IUDs are one of the best methods of birth control. They have a failure rate of less than one percent. Theyre more effective than birth control pills, which fail nine percent of the time and condoms, which fail 21 percent of the time.

What Can I Expect When I Start My First Period With Mirena

6 Nov 2012 by madynlaneylou
mirena, period

I had my mirena put in on 10/26/12 and was not on my period at the time. I got off my period about a week beforehand, so they did a pregnancy test and went ahead with the procedure. I didn’t bleed or spot after it was inserted, but am at the point where I would be starting my period. I noticed some spotting this morning and its continued all day. What can I expect? Will it be a normal period, be spotting, lighter, heavier, last longer? Despite all the negative reviews I read before my doctors appointment I love it so far!


Tell women who choose Mirena about the risks of ectopic pregnancy, including the loss of fertility. Teach them to recognize and report to their physician promptly any symptoms of ectopic pregnancy. Women with a previous history of ectopic pregnancy, tubal surgery or pelvic infection carry a higher risk of ectopic pregnancy.

The risk of ectopic pregnancy in women who have a history of ectopic pregnancy and use Mirena is unknown. Clinical trials of Mirena excluded women with a history of ectopic pregnancy.

Intrauterine PregnancyIf pregnancy should occur with Mirena in place, Mirena should be removed. Removal or manipulation of Mirena may result in pregnancy loss. In the event of an intrauterine pregnancy with Mirena , consider the following:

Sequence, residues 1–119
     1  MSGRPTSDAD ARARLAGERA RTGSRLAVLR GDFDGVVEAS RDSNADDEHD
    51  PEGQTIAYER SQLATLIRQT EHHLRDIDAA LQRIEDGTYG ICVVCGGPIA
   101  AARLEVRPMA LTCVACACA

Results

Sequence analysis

Asymptomatic PIDPID may be asymptomatic but still result in tubal damage and its sequelae.

ExpulsionPartial or complete expulsion of Mirena may occur .


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See Your Doctor If: Your Period Comes Back

If you got to be in the Secret Club of No Period after getting your IUD, and then your period starts coming back, thats also a time to make sure your IUD is in place, Kelly-Jones said. Because, what would happen if your IUD got expelled? You would start having your period again.

A benign fibroid in the uterus, called leiomyoma, could be the cause of an expulsion, or partial expulsion.

Can You Get Hurt If Its Out Of Place

My Mirena IUD was removed 3 weeks ago. Is it normal to have no period?

Itâs rare, but you may have complications if your IUD moves.

If the IUD cuts your uterus near important blood vessels, you may have bleeding and problems with blood flow to your organs, Nwegbo-Banks says. If it cuts your uterus and moves through it into your abdominal cavity, it can cause localized inflammatory reactions, bowel adhesions, or bowel perforations.

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For Someone Who Wants To Be Spontaneous When It Comes To Sex This Is A Good Option